• Deception. Minor Illusion can be used in similar ways to gain an advantage on Deception checks. Need to get past a locked and guarded door? Have the guard’s buddy (whom you dispatched earlier, after learning his voice) tell him to open up.

    • Sleight of hand. Sometimes, you just need to palm something valuable and leave the room without anyone noticing. Ideally, they won’t notice the missing item until you’re long gone. To make your job easier, you can buy yourself a one-minute head start by duplicating the stolen item in the same location.

    • Performance. If you’re a Bard trying to win over a crowd, using Minor Illusion to create an image of the battle you sing about can give you an advantage on Performance checks.

    • Persuasion. Maybe you need an official-looking seal or signature to get into the room full of nobles. Minor Illusion should be good enough to create a forgery (provided you know what the real thing looks like).

  2. Hiding, observing, losing foes, etc. Obscuring yourself to gain the unseen attacker attack roll advantage is a popular application of Minor Illusion. It can also be good for hiding bodies of slain foes, observing a place without being noticed (the ol’ “in-an-illusory-barrel” trick), or having an easier time hiding from foes that are chasing you.

  3. Bait, distractions, and diversions. A big pile of gold or gems, the voice of a screaming ally in the distance, or even the image of a duplicate of yourself (at DM discretion) can be the perfect thing to bait, distract, or divert your foes.

  4. “Blocking” pursuers. In narrow passages, you might be able to throw off pursuers by throwing up an illusory wall (or something more menacing) behind you.

  5. Communication. Need to communicate without speaking? Create a little hovering message over your head that acts as a speech bubble using Minor Illusion. Or come up with pre-established bird-cries for different meanings. Or literally whisper to your allies from up to 30 feet away.

  6. Pictures and false objects. If you have an item that a BBEG wants, you can use Minor Illusion to pretend you have it already. Or you can make a picture of a person that you’re looking for. What quicker way to find your quest objective?

  7. Arcane Trickster madness. Arcane Trickster Rogues have the most to gain from using Minor Illusion in combat. The unseen attacker bonus not only gives them advantage, but also the bonus damage from Sneak Attack.

    Minor Illusion does take an action to cast, so it’s best used as an ambush set-up or in a situation where you can duck behind the illusion multiple times without enemies becoming aware of the illusion.

  8. Illusion Wizard fun. Illusion Wizards can create sounds and visuals with Minor Illusion simultaneously. Now your taxidermied dog can make barking sounds, or your pile of gold can whisper “take me” enchantingly at passers-by. At 14th level, Illusion Wizards can also make one inanimate, nonmagical illusory object “real” for 1 minute.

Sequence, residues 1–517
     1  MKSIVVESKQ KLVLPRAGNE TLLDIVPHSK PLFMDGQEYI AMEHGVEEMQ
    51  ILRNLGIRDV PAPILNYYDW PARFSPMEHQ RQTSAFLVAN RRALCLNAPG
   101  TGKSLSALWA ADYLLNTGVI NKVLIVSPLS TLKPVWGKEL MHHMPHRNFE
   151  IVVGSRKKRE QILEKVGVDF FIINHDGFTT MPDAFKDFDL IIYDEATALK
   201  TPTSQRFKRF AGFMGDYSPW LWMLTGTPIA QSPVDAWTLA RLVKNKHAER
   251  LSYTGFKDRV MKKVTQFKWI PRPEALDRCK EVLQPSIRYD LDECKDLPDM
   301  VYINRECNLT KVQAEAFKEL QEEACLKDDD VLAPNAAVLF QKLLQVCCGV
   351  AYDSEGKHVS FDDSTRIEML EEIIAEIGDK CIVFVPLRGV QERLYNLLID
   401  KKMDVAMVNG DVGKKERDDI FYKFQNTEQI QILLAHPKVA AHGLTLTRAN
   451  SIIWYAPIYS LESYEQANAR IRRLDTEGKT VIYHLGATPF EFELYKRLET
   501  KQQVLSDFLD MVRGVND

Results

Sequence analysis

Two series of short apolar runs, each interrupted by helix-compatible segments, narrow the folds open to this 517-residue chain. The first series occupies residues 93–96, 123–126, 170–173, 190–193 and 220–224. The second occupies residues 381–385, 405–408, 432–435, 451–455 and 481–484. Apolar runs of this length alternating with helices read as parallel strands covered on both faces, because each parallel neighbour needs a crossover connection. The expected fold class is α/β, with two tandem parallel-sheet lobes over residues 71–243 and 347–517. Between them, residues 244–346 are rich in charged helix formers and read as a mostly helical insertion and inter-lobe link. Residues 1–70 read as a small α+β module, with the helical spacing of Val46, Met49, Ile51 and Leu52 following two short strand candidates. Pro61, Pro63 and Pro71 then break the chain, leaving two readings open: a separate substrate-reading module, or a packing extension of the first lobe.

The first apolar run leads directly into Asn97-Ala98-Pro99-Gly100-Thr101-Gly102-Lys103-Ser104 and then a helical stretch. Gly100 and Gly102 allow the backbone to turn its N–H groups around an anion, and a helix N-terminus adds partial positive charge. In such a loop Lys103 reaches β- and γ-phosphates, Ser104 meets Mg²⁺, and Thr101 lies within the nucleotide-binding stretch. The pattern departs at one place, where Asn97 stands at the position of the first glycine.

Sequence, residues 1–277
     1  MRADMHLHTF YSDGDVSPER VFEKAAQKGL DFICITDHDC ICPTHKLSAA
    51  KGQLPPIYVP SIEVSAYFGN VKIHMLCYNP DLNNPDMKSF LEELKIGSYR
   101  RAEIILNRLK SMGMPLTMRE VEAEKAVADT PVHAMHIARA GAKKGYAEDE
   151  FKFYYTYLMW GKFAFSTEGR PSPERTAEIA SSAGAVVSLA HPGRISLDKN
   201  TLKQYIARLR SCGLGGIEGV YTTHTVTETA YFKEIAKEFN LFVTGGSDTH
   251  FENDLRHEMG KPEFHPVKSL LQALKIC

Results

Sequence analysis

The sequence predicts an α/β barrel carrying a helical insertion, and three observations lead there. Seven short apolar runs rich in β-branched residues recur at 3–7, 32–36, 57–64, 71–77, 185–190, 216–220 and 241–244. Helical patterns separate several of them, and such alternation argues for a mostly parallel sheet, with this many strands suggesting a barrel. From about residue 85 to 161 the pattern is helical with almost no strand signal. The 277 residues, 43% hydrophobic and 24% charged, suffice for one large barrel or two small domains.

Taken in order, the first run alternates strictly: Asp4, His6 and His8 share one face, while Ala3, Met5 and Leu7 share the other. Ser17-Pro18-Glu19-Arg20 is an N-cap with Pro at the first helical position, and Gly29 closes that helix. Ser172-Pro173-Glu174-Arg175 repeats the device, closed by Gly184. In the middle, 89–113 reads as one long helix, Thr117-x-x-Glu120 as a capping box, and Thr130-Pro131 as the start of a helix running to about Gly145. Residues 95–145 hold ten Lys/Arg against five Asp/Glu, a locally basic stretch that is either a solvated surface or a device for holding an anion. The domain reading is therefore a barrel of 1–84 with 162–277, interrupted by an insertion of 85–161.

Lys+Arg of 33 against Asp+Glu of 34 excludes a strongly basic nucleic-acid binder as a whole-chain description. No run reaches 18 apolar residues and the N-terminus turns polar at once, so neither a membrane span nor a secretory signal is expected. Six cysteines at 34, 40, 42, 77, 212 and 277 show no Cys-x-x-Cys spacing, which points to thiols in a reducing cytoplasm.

Is Minor Illusion 5e a Good Spell?

Yes, Minor Illusion is a good spell that creative players can have loads of fun with. While limited in its combat capabilities, Minor Illusion has plenty of out-of-combat applications that you can’t get out of most cantrips.

There’s also the stipulation that comes with every illusion spell: Minor Illusion is as good as your DM allows it to be. Work with your DM to understand what is and isn’t allowed with the spell, and you’ll have a much better and more consistent time with it.

Minor Illusion 5e Compared to Prestidigitation

Prestidigitation has many similar applications as Minor Illusion, and it has additional ones as well. Prestidigitation can produce sensory effects like smells, light, and heat, clean or dirty a small area, leave long-lasting marks, and create very short-term illusory objects of hand-held size — and you can maintain up to 3 of these effects at a time.

Minor Illusion benefits from having no verbal component (adding to its stealthiness), its superior range, and larger maximum size. Minor Illusion also has more potential limited uses, because imagination (and the spell description) are its only limitations, whereas Prestidigitation’s uses are clearly spelled out.

All in all, they’re both fine spells that achieve similar effects — talk to your DM about how you plan on using one or the other to learn which one can give you more of what you want. Definitely don’t take both if each is on your class list; it would be pretty useless and redundant.

Minor Illusion 5e DM Tips

Minor Illusion can be a tricky spell for dungeon masters — allow too much, and players get an overpowered cantrip; allow too little, and players won’t have fun with the Illusion school or see any reason to pursue it. When players get frustrated by its capabilities, remind them that Minor Illusion is a cantrip and the school of Illusion has more impressive things in store for them later.

One fun way to lean into the gray area of Minor Illusion’s creature-making capabilities is to make players get better with illusion magic if they want to make more lifelike faux-creatures. For example, a first-level Wizard might make a childish deformity that fools exactly no one when trying to create an illusory Goblin, but at level 20, it may be a genuine work of art.

In short, be communicative, be consistent, and reward creativity from your players. Illusion spells feel really satisfying when they work, but they’re only attractive enough to pick up when players understand the spells’ full rules and applications.

Simple Minor Illusion 5e Spell Text

Minor Illusion: (cantrip, 30 feet, 1 minute, S/M (a bit of fleece)) You create a sound or static object in range that lasts the duration. The spell ends if you cast it again or dismiss it with an action. If you create a sound, it can be continuous or discrete. If you create an image, it can be no larger than a 5-foot cube and it can’t create sensory effects.

Physical interaction with the image reveals it to be an illusion. A creature can examine the illusion with an Investigation check against your spell save DC. If it discerns the illusion, the illusion becomes faint.